Missed some market news this week? Here’s what Bryce Knorr and Ben Potter have been writing about.
Grain futures broke lower overnight as the heat wave blasting the U.S. faded with weekend rains. While forecasts over the next two weeks are conflicting, none of the models show another round of 100-degree temperatures threatening crops.
Headlines last week were all about the heat wave baking the U.S. But ratings out Monday from USDA showed crops mostly fared well, with fairly moderate conditions ahead for the next couple of weeks. Lack of damage to yield potential puts the focus back on acreage, but news on that front is still three weeks away.
News about U.S. negotiators heading to China next week to restart trade talks didn’t stir much interest Tuesday in a market wary of buying headlines. But soybeans are leading grain futures higher overnight, helped by the ability of major contracts to hold technical support levels on price charts.
Grain futures are mixed after a quiet overnight session that’s typical for a time of year when farmers are mostly waiting. While it’s early to make guesses about yields, some estimates are trickling in ahead of USDA’s Aug. 12 reports. And while trade talks start up with China again next week, jump-starting exports may be difficult. Today’s export sales report could provide clues about demand.
Trade news and weather remain the market’s main concern and neither gave corn and soybeans much help this week. The corn crop pollinated this week under mostly favorable conditions while export sales for both crops last week were weak. Wheat exports were good and the tour in North Dakota confirmed a smaller crop, but futures mostly lost ground anyway.
The 2019 growing season has seen just about every type of weather imaginable. And last week conditions were almost as varied depending on where you farm, according to growers reporting Feedback From The Field.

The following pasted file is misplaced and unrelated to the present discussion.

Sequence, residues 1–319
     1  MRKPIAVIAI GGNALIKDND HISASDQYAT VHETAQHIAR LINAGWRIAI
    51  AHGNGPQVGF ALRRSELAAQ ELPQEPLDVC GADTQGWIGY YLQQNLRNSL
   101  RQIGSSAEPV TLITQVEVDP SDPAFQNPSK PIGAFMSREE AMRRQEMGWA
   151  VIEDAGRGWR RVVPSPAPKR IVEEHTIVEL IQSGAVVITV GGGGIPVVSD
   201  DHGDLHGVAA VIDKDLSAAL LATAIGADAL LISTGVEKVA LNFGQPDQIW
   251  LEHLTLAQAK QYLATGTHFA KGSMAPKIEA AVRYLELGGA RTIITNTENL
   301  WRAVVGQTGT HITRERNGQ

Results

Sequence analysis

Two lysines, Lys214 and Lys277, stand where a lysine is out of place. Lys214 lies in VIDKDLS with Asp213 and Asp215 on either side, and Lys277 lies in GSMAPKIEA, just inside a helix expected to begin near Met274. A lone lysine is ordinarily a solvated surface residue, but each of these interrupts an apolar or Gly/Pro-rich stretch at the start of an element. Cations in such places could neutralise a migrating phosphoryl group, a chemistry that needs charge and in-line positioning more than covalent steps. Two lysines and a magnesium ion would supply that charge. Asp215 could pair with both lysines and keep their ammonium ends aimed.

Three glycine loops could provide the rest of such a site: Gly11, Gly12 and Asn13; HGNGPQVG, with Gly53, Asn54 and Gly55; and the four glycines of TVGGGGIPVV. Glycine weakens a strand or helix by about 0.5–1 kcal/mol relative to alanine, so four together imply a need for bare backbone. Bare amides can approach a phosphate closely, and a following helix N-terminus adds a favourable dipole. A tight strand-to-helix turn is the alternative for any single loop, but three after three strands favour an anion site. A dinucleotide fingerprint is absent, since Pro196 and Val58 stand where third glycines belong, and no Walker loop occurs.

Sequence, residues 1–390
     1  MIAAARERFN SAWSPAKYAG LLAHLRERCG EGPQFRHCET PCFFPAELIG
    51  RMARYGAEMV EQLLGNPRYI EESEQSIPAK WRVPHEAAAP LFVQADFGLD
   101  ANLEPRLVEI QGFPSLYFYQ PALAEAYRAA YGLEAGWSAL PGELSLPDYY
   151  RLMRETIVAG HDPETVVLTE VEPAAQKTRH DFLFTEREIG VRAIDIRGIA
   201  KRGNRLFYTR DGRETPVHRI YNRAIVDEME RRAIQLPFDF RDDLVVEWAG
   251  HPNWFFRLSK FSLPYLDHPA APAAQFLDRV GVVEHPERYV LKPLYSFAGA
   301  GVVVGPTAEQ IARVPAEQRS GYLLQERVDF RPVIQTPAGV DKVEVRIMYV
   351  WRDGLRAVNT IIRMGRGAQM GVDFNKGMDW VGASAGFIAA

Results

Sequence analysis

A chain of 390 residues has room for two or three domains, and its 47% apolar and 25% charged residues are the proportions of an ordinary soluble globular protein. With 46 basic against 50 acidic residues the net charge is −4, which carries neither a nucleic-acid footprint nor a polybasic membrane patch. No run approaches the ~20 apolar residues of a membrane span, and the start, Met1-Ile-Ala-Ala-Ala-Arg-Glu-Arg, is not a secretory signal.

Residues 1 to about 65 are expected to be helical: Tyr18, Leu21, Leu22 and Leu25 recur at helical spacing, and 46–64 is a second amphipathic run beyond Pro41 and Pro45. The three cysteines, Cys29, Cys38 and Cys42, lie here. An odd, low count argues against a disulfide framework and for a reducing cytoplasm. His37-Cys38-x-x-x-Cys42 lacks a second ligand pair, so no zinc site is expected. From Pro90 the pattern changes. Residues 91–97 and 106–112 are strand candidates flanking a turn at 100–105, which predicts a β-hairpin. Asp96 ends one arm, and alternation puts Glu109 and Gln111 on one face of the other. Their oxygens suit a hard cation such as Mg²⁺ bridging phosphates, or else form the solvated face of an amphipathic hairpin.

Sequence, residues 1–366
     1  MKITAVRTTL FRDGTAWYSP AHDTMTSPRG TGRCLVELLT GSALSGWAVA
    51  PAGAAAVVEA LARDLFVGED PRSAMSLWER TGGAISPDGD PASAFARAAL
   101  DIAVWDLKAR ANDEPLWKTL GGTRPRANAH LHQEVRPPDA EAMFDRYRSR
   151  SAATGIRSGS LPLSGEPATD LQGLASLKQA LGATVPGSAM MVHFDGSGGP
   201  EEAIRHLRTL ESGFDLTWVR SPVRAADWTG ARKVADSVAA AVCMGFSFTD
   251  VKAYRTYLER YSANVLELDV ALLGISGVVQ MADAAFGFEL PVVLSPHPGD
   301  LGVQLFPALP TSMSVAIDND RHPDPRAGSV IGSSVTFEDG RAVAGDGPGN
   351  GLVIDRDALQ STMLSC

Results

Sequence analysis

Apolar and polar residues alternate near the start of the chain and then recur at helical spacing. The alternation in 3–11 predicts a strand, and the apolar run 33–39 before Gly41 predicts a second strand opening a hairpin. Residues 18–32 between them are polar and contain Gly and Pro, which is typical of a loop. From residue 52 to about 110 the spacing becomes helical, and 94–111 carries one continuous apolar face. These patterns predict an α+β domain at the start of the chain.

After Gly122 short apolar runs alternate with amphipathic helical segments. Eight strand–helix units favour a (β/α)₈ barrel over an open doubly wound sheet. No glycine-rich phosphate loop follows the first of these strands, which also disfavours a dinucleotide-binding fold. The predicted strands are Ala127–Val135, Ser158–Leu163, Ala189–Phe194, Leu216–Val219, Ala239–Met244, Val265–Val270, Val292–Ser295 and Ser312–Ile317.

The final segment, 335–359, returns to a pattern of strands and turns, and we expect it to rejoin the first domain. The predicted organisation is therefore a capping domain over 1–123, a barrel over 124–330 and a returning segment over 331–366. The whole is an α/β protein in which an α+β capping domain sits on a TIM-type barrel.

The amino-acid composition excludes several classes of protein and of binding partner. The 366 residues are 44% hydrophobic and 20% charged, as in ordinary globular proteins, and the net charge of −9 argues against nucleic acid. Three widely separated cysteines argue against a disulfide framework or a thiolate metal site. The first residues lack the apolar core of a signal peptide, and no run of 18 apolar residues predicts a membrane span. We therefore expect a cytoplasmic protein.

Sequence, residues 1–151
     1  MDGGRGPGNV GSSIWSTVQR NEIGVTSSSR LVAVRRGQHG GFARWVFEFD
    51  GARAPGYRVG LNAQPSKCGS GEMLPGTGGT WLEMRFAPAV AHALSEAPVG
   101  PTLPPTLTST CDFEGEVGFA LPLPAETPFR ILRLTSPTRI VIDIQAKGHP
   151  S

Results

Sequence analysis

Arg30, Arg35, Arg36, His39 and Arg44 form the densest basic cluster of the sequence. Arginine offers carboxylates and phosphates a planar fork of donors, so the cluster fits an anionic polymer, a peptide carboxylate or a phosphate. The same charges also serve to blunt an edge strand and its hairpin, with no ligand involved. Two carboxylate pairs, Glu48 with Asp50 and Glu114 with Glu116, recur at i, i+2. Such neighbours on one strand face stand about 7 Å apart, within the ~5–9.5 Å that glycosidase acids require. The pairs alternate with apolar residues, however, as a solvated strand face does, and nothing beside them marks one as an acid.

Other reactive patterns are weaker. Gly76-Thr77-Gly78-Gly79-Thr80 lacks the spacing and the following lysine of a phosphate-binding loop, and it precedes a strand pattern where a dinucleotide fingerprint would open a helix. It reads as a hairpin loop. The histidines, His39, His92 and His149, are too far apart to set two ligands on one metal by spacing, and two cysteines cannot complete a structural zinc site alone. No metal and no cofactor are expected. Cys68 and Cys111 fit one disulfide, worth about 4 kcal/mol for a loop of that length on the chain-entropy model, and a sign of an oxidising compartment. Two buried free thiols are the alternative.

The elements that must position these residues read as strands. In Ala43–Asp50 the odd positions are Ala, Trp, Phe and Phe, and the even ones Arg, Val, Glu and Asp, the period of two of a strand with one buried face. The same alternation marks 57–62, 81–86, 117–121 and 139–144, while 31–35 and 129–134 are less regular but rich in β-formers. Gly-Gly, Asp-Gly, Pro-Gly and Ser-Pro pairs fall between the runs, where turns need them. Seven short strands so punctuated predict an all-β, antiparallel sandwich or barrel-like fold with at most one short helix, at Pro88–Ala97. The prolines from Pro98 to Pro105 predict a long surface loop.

For the week ending July 21, analysts expected USDA to hold its corn and soybean crop quality ratings steady in its latest crop progress report, out Monday afternoon. That anticipated outcome only held true for soybeans, however.
Grain futures are mixed this morning as markets mostly limp into the weekend waiting for news about trade talks and weather. Neither is providing much momentum today.
Grain markets offered up a mixed performance Friday, with spring wheat and soybeans as the lone bright spots in today’s session after fighting for small gains. Winter wheat eased on some profit-taking, as did corn, with plenty of relatively cool, dry weather expected next week that could aid in crop quality for corn and harvest pace for winter wheat.
Reports over the weekend by Bloomberg suggested Chinese buyers were interested in making deals for U.S. farm goods, and today’s export inspections reinforced the notion that the talks are inching forward, according to Farm Futures senior grain market analyst Bryce Knorr.
As trade talks resume in China next week, there’s renewed hope for an uptick of soybean exports, but nothing of note has showed up in the latest USDA export report, out Thursday morning.
Basis outlook - Most years corn basis weakens into the end of the marketing year Aug. 31 as those storing grain clear it to make room for new crop. But this fall those bushels could be needed to fill a hole in production from a later harvest caused by late planting, which should stretch the marketing window for 2018 inventory. And if the 2019 crop is as small as expected, elevators may be willing to buy some of that old crop to ensure keeping facilities full.